Bill Gates once said, “The airplane became the first World Wide Web, bringing people, languages, ideas, and values together.” With my family separated by more than a thousand miles, aviation was the link in my life that connected me with my loved ones in California and Nebraska. While traveling during my childhood, airline recruiters, gate agents, flight attendants, pilots, and other flight crew became my second family. Each one of these individuals made my experience personalized and unique on every single trip. My goal as a pilot and mentor is to provide similar indelible experiences for the generations that follow.
My name is Cole Dostal, and I am a first-year student at the University of Nebraska at Omaha (UNO), working toward an Air Transport Administration degree while completing my flight training outside of the aviation institute. Currently, I am working on my instrument rating at the Millard Airport (KMLE), and plan to complete the rating in the Spring of 2021. Eventually, I will get my Commercial, CFI, CFII, and ATP ratings with a career goal of flying for a major U.S. airline.
My interest in aviation began during my early childhood when my dad and I traveled to various destinations throughout the world including Greece, Iceland, China, Brazil, the Arctic Circle, and numerous other countries. Learning about the various cultures and ways of life around the world was something that fascinated me. In middle school, I began traveling by myself to visit family in California. I took great joy in meeting new people on the plane and learning about their unique purposes for travel. It was then that I realized the importance of aviation and how it is the lifeblood of our modern society. My passion for aviation was fueled even further after taking a discovery flight at Advanced Air in Council Bluffs, Iowa. In high school, I was awarded the AOPA High School Flight Training Scholarship, at which point I then began my private pilot training. I finished nearly a year later with my certificate in hand.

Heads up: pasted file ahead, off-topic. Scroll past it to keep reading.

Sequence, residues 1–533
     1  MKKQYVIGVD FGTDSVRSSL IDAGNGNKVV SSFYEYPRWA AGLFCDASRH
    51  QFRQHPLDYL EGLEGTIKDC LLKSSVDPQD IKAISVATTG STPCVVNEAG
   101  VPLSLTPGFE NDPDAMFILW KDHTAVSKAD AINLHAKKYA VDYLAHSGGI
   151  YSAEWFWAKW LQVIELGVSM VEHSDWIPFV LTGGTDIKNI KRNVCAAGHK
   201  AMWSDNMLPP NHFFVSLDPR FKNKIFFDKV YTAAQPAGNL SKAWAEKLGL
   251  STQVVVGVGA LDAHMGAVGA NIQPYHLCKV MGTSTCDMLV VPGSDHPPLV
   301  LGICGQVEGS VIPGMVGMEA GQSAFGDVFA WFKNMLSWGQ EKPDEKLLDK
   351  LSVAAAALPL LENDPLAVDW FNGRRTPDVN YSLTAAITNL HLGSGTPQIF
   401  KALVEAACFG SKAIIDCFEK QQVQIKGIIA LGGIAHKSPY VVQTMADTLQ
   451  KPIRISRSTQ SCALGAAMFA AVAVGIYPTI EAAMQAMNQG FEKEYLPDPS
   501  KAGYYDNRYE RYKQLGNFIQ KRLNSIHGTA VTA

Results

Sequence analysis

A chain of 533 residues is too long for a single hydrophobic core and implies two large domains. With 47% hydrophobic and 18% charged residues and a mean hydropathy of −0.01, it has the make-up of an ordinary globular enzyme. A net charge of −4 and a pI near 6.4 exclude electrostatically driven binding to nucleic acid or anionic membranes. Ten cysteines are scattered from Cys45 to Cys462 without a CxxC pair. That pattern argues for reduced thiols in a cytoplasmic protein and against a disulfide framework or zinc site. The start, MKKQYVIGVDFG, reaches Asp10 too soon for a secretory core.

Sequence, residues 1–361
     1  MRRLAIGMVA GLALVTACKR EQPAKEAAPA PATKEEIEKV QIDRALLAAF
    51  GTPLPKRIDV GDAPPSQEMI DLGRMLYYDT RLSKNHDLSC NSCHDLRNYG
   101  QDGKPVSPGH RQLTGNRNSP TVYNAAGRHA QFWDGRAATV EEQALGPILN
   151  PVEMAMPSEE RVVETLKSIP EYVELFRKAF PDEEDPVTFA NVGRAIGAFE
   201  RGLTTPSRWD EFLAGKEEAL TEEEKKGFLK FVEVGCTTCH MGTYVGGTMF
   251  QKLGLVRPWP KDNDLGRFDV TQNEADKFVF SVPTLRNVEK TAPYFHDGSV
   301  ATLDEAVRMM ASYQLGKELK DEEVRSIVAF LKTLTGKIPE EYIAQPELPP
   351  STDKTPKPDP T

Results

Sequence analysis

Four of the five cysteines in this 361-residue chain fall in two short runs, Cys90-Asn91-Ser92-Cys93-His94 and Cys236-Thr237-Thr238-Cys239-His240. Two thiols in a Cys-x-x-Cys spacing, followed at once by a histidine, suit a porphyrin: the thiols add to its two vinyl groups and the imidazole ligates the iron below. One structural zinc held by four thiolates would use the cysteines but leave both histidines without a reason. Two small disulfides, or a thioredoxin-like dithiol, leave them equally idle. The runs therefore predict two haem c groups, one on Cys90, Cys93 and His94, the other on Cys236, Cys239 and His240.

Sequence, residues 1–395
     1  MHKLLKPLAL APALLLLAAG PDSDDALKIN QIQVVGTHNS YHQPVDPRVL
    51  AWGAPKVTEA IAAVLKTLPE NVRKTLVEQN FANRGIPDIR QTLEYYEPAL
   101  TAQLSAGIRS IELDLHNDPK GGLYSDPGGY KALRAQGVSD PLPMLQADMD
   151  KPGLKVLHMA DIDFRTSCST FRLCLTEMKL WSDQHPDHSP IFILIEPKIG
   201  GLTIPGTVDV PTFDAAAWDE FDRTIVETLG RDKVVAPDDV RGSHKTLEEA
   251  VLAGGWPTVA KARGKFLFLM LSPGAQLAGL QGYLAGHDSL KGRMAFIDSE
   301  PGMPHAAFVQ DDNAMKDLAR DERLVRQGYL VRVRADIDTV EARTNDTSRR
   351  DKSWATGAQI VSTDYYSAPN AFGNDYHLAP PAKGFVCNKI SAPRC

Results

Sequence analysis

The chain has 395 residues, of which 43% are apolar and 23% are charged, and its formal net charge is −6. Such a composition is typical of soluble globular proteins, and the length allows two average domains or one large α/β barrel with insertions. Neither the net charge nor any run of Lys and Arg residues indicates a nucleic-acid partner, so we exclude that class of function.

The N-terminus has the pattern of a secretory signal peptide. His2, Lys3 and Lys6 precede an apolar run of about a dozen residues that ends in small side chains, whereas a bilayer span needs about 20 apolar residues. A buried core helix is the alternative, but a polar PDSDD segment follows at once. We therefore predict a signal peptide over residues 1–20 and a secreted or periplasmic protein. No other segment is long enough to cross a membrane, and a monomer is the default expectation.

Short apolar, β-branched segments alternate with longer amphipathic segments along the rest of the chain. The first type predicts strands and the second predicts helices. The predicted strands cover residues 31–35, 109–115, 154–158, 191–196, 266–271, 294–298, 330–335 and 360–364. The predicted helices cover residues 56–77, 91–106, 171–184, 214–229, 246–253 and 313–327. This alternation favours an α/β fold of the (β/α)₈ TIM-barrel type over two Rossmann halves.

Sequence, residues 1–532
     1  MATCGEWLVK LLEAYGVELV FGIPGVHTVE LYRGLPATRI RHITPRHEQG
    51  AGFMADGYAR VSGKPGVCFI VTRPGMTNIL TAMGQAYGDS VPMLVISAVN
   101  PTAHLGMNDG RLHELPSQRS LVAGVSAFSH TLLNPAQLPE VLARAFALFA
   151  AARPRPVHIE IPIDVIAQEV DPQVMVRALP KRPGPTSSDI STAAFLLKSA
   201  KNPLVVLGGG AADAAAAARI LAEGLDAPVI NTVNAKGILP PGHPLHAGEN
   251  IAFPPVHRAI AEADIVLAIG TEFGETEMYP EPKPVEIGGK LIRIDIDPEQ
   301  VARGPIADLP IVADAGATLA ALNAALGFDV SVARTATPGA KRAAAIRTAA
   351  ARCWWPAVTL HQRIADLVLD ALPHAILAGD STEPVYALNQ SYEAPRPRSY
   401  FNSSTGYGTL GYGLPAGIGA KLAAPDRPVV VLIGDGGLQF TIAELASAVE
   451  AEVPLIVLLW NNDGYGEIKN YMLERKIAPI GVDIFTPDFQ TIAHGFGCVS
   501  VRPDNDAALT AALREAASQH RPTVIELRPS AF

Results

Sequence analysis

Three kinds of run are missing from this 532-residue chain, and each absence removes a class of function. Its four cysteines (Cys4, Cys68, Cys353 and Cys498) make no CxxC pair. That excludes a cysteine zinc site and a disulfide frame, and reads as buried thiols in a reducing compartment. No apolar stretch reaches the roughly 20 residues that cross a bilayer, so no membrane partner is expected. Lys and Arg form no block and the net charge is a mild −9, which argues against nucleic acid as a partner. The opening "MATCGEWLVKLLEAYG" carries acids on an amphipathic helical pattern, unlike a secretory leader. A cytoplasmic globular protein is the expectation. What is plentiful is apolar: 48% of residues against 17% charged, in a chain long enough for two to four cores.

After obtaining my private pilot license in November of 2020, I joined the Skyhawk Flying Club and Oracle Aviation at the Millard Airport which is where I will complete my instrument and commercial training under Part 61. The reason I joined Skyhawk Flying Club was to allow more flexibility in my schedule while also having the capability to take planes on longer cross-country flights over the summer months and attend various fly-ins. Also, the syllabus for Part 61 flight training is more flexible when compared to a Part 141 University or academy flight school which allows me to work at my own pace.
Currently, I am building Pilot in Command (PIC) cross-country flight time for my Instrument Certificate in our club Cessna 172. However, I plan to eventually get checked out in our club Arrow and Bonanza by the summer and take a few leisure trips as well. On a typical day, I do some self-study coursework for the instrument knowledge exam as well as learn and review new topics from the FAR/AIM, Advisory Circulars, FAA Legal Interpretations, or my favorite book, Everything Explained for the Professional Pilot. In conjunction with my bookwork, I schedule three flights per week on average and complete additional ground training at Oracle Aviation.